Repeal the USA Patriot Act
by Jennifer Van Bergen

Jennifer Van Bergen holds a law degree from Benjamin N. Cardozo School of Law, is an adjunct faculty member at the New School for Social Research in New York, and is a member of the Board of the ACLU Broward County, Florida Chapter.

Jennifer Van Bergen is an Editor and a regular contributor to | April 1, 2002

This Law is Dangerous

The USA Patriot Act is an insult to Americans. The name, itself, is insulting, given what the Act contains and what it will someday be known for: its complete abdication of democratic law and principles. It should be called the Constitution Shredding Act.

In particular, it utterly relinquishes any semblance of due process, violates the First, Fourth, Fifth, Sixth and Eighth Amendments, and unacceptably mixes aspects of criminal investigations with aspects of immigration and foreign intelligence laws.

Let me state it even more bluntly. This law is dangerous. It's a travesty.

What is worse is that few Americans have the slightest idea what this law contains or what it means.

Why is this? Because, the USA Patriot Act has several clever catches in it that have enabled it to slip by the awareness of the average law-abiding citizen. First, it relates mostly to foreign nationals. (So it can't affect U.S. citizens, right? Wrong.) Second, it deals with terrorism. (And we're not terrorists, are we? Don't be so sure.)

If you think this law applies only to the bad guys who attacked our nation, think again. Many provisions in this law apply to and will affect Americans, in many, bad ways.

What is more frightening about it is that, despite the fact that the USA Patriot Act was passed hastily without any debate or hearings and under a cloak of fear, its provisions were obviously very carefully thought out and crafted to take power out of the hands of courts and ensure absolute lack of oversight of law enforcement and intelligence gathering.

There is no way that the USA Patriot Act came into existence solely in response to September 11th. In fact, it is clear from prior legislative and case history that law enforcement and intelligence have been trying for many years to obtain these powers. It is only the unreasoning "bunker mentality" that followed September 11th that allowed its planners to pass it.

Indeed, one might question whether Congress could sincerely have intended this Act, given that portions of it are re-enactments of the 1996 anti-terrorism laws which had been repeatedly ruled unconstitutional by federal courts. One must wonder whether congress- persons were in their right minds. If they were not, this law cannot be valid.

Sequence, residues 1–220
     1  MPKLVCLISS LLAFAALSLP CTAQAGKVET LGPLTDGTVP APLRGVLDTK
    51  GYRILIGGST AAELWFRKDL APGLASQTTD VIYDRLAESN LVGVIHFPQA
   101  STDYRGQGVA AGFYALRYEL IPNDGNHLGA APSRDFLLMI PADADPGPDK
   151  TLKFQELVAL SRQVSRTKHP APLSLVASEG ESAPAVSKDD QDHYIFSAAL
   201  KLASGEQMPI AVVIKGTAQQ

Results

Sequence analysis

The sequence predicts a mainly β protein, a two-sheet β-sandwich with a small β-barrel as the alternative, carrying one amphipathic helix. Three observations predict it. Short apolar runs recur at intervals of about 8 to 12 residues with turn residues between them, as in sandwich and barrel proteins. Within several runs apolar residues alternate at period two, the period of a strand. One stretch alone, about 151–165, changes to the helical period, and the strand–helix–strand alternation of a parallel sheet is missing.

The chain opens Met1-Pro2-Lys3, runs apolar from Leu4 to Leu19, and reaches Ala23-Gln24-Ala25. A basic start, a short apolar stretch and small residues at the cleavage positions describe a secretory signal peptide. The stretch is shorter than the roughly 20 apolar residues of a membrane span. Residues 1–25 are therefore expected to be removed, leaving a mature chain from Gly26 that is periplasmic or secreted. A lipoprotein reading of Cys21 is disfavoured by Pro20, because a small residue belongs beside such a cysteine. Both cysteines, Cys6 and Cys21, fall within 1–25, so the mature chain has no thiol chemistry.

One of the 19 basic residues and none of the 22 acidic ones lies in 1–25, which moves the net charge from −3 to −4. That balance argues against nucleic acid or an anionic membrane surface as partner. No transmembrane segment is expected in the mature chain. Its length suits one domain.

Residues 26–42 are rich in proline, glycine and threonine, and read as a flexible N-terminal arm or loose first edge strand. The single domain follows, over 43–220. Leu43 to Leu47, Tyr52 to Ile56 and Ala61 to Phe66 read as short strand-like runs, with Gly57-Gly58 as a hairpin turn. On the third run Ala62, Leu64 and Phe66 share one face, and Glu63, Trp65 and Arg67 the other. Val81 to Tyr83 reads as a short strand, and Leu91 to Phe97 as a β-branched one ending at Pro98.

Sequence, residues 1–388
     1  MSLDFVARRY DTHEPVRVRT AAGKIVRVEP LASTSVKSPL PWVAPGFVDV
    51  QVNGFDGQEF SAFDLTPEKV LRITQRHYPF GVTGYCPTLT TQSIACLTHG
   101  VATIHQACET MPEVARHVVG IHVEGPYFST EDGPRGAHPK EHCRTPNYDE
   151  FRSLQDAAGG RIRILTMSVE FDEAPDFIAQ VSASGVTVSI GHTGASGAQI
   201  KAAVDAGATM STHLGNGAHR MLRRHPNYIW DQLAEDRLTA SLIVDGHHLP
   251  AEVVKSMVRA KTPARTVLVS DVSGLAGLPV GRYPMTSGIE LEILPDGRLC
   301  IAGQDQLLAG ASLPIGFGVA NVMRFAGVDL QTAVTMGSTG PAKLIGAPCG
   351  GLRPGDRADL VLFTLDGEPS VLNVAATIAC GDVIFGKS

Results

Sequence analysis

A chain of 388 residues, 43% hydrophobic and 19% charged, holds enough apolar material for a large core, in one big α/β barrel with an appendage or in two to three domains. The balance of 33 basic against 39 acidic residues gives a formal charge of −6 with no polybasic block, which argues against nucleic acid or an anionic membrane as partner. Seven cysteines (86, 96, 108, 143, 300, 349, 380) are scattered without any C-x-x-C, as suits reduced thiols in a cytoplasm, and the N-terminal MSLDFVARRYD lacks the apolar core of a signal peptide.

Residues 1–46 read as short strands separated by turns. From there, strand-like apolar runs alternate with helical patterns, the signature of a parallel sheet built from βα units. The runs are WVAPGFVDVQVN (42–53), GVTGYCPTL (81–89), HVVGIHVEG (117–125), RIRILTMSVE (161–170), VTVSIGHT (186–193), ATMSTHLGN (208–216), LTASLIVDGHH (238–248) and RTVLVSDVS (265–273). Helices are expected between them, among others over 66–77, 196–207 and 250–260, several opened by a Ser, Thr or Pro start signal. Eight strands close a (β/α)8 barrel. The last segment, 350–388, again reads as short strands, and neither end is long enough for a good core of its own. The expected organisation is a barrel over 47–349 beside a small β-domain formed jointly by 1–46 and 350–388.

Most troubling is that most of these powers do little to increase the ability of law enforcement or intelligence to bring terrorists to justice. But, they do much to undermine the Constitution and violate the rights of both immigrants and American citizens alike.

Another reason why Americans do not yet know what a terrifying weapon has been put in their government's hand is that the Act is extremely nuanced and amends numerous other laws.

One provision, for example, merely amends the words of an earlier act, which had read "the purpose," to read "a significant purpose." What difference could that tiny change make? It opens the door for the FBI to evade the probable cause warrant requirement in criminal investigations whenever the FBI decides the information might have "a significant purpose" in an intelligence investigation. No court can intervene.

In other words, the legal protection that a court must determine that there is probable cause of criminal activity before a search or seizure can be made is totally discarded here. If the FBI thinks the information might contribute to an investigation, whatever the target's activity might be, legal or not, the FBI can simply go search and seize. (And under the new "sneak and peek" provisions, they can do so without you ever knowing it.)

Notice also that this clause mixes foreign intelligence gathering with domestic criminal investigation, allowing the FBI to spy on Americans whom no court has determined have done anything wrong.

Finally, this information, under another provision of the Act, can now be shared with the CIA, in violation of its charter, which bars it from engaging in domestic spying.

As the ACLU analysis of this section states, this simple little clause is being used "as an end-run around the Fourth Amendment." It is a "power grab [that] will sweep in Americans" as well as aliens.

It behooves us to take a good, solid look at the USA Patriot Act, so we can tell our representatives what we think of it.

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